"You can graze like a cow in your own yard."

This is how Megan Ranstrom describes her work overseeing vegetable soil trials for the Central Utah Water Conservancy District in Orem. This summer, Ranstrom and her horticultural assistant Casey Finlinson tested four soil types for raised bed gardening, and now the tantalizing results are in.

Different soils produced yields night and day apart.

Of the four plots, the two using commercial loam topsoil did the worst. The two plots using commercial artificial soil simply exploded with vegetables, including the largest tomato plant a Daily Herald reporter had ever seen, perfect yellow Spanish onions, and great beans, melons, peppers, cucumbers, chard, strawberries and more.

The good news is that all four plots produced great vegetables. But the two with artificial soil far and away yielded more -- much, much more.

The soils tested were first, loam topsoil purchased at a local greenhouse, with nitrogen added at 21-0-0; second, the same soil and nitrogen with "Black Gold Compost Blend"; third, "Mel's Mix Square Foot Gardening Soil"; and fourth, "Miller's Mix."

Surprisingly, the loam-compost mix yielded the least vegetables, Ranstrom said. The same mix with just nitrogen yielded slightly better. The "Square Foot" mix probably tripled the yield of the first two, and Miller's Mix did even better.

But there is a catch.

Ranstrom, Finlinson and consulting experts from the county extension service warn that artificial soil is designed to perform exactly as it has in these trials -- but next year, it will be more or less completely depleted and will either need to be replaced entirely or replenished with lots of commercial fertilizer. The loam soils, however, will be far less expensive over the long term.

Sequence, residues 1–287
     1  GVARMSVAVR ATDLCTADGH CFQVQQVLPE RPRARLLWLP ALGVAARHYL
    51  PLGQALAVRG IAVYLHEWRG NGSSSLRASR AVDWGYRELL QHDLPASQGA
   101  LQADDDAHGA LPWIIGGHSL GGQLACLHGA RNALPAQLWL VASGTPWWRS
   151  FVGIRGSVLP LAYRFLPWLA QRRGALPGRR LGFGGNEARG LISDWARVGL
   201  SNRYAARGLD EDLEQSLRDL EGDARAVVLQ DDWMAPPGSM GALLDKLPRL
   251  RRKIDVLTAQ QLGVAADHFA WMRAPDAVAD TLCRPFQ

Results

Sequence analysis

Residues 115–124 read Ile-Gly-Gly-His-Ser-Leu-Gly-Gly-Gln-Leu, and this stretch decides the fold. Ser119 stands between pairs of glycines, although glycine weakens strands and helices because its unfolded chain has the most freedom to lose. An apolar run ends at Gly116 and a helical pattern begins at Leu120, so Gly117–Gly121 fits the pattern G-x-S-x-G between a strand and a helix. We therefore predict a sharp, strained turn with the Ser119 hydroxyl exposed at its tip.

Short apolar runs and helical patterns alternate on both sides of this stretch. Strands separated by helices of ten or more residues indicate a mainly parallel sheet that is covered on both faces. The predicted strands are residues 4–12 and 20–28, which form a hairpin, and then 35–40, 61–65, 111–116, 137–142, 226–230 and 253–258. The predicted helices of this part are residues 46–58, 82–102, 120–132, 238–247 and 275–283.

So Ranstrom leaves it up to individual gardeners to interpret the results of the trials, and invites gardeners to come and see the raised beds and their produce for themselves.

Meanwhile, the conservation district is going to continue the tests, especially because so many questions have risen based on the results.

For starters, the top soil tested at pH 7.9, Miller's Mix at 5.67 and the Square Foot Mix at 7.84. What if you could use elemental sulphur or organic material to lower the pH of the loam -- would it then perform as well as the more expensive artificial soils? What about a completely organic soil mix, which thus far has not been tested? Why did adding compost seem to reduce the yield of the loam?

Whatever future trials may show, one thing is sure.

"Soil makes it or breaks it," said Ranstrom of gardening.

Gardeners curious about the soil trial results can see for themselves. The conservation garden is open to the public Monday through Friday, from 8 a.m. to 8 p.m. through Sept. 15 and 8 a.m. to 4:30 p.m. beginning Sept. 16. The Central Utah Water Conservancy District garden is at 355 W. University Parkway in Orem.